- If your baby is in a buttocks- or feet-first position (breech): Very few care providers will agree to vaginal birth with a breech baby. Ask your doctor if he or she can turn the baby to a head-first position with hands-to-belly movements (external version). This may be an option if your baby is breech and you have reached "term" (about the 37th week of pregnancy). You may need to search to find a provider who has skills and experience with this technique. There is not much research on external version in women with prior C-sections, but existing research does not indicate extra problems.
What if I can't find a hospital and care provider who will support my wish for VBAC?
The VBAC Resources page provides links for locating providers and facilities that offer VBAC. If you feel strongly about having a VBAC and can't find someone to provide this service close to your home, you may wish to consider driving farther to access supportive care or even moving temporarily (consider staying with a friend or relative) to a place where you can get a VBAC.
You may be able to find a provider who is willing to try VBAC outside of the hospital, at home or in a birth center. Keep in mind that while many birth centers and home birth practitioners have had good success with helping women who plan VBAC achieve vaginal birth, a national study of VBAC in birth centers found that because it has risks, VBAC should be performed in a hospital setting.
My first labor was difficult and now I'm afraid of going through that again. What should I do?
Identifying what factors made your earlier labor so hard may help you avoid those problems this time. Here are some ideas:
- If you feel that you didn't have supportive care from your care providers, you may wish to choose a different care provider, birth setting, or both. The Choosing a Care Provider and Choosing a Place of Birth pages can help.
- If you feel that you didn't get the support you needed from your spouse/partner or other people in the room, consider hiring a doula (trained labor support companion) or invite a friend or relative to assist you and your partner. The Labor Support section has more information about doulas and resources for finding one.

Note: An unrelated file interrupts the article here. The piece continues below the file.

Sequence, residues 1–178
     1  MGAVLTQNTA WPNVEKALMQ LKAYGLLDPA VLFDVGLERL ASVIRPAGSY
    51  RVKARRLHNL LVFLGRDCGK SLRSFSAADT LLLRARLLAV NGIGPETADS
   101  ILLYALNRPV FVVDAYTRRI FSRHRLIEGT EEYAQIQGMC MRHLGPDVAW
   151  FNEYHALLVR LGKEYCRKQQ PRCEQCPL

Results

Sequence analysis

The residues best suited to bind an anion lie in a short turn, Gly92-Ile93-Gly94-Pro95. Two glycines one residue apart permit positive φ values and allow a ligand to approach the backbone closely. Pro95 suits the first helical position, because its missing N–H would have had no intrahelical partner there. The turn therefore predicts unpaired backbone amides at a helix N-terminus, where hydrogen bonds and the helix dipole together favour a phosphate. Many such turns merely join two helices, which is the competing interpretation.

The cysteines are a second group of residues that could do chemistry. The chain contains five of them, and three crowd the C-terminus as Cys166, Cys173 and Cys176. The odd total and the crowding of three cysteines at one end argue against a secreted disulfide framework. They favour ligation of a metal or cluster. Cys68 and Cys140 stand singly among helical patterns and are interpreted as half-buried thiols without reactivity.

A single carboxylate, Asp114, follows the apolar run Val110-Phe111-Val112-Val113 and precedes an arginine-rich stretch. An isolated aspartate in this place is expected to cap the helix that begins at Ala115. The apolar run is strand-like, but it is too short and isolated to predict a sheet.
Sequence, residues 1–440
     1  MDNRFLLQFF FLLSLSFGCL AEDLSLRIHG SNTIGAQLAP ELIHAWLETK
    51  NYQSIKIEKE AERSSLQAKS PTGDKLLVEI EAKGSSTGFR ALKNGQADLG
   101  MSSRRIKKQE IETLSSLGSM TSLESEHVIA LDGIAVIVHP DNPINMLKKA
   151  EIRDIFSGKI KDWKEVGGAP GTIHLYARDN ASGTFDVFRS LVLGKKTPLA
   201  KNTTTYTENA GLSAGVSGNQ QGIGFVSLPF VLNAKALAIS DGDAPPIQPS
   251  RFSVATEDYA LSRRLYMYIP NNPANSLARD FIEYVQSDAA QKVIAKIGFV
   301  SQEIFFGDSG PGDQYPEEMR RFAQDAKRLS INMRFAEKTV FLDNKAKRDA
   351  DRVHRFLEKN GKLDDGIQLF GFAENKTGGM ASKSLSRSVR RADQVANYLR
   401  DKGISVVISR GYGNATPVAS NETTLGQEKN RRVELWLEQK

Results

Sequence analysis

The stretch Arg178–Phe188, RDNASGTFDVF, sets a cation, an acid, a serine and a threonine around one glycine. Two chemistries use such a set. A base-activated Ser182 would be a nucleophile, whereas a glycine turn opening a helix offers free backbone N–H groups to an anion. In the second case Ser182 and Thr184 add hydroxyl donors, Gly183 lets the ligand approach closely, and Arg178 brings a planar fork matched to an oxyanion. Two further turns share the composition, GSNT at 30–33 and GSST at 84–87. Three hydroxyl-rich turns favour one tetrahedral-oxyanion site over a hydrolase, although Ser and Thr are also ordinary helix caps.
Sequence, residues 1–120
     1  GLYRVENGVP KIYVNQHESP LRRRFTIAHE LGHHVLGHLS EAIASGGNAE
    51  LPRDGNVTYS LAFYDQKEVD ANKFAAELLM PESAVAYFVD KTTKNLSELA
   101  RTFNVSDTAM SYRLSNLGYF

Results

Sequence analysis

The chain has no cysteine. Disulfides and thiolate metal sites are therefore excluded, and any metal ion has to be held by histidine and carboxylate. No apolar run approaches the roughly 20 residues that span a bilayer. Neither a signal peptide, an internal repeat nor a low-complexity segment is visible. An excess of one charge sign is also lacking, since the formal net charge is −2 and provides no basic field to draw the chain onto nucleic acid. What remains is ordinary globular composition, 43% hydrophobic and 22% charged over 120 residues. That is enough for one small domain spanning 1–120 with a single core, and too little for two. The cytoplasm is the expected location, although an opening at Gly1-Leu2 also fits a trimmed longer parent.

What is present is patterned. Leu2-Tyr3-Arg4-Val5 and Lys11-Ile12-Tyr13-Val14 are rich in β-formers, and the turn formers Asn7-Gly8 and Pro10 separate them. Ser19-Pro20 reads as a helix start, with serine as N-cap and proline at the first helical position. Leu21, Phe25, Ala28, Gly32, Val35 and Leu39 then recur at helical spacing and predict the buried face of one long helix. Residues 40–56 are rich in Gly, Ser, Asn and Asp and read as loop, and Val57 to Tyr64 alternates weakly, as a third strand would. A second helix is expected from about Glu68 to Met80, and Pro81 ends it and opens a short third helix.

- If you were frustrated by long, non-productive hours in labor or pushing, you can:
- Get peace of mind knowing that your next labor may proceed very differently; the first is usually the longest.
- Learn what can interfere with labor progress and how to help labor progress more smoothly; a doula can really help here.
- Decide ahead of time on reasonable limits for the cervix to dilate fully and then for you to push the baby out. Knowing you have an end point can help you feel less anxious and more in control. If you reach this point, you can choose whether to go beyond it. Keep in mind that women with prior C-sections tend to labor more like first-time mothers than women who have given birth vaginally.
- Be patient. How long labor lasts is different for each birth and each woman. With good support, encouragement and the full range of comfort and pain relief options, you can cope with longer labor.
- If you had a lot of pain, become informed about epidurals, which tend to offer effective pain relief, and consider planning to have one. A doula can also help with comfort measures and helping you stay calm and relaxed in labor.
What if I have unresolved emotional issues?
If you had an extremely difficult or frightening birth experience before, or have been through other traumatic experiences like sexual abuse, thinking about labor may bring on very strong emotions. You might feel like you cannot deal with making any decision. These unresolved issues can make your labor more difficult, too. So what can you do? Here are a few tips:
- Get professional counseling from a mental health professional who is well-informed about maternity issues.
- Keep a journal.
- Talk through the troubling events and your concerns with a friend or relative.
- Seek peer support from other women who have had similar experiences. You can find peer support resources here.
If you have an extreme fear of childbirth, counseling or therapy may help you overcome these deep fears and give birth vaginally. Continuous support during labor by a trained labor support companion (doula) may be especially helpful in this case. If you still have deep fears of childbirth despite counseling, you may decide to have a C-section. Be sure to talk this over with your care provider as early as possible in your pregnancy, and work together to help ensure the safest possible and most satisfying birth.
If I plan a VBAC, how can I avoid problems with the scar?
- Wait at least 9 months before trying to conceive again. Research suggests that you are less likely to have a problem with the scar rupturing in labor if there is at least 18 months between births.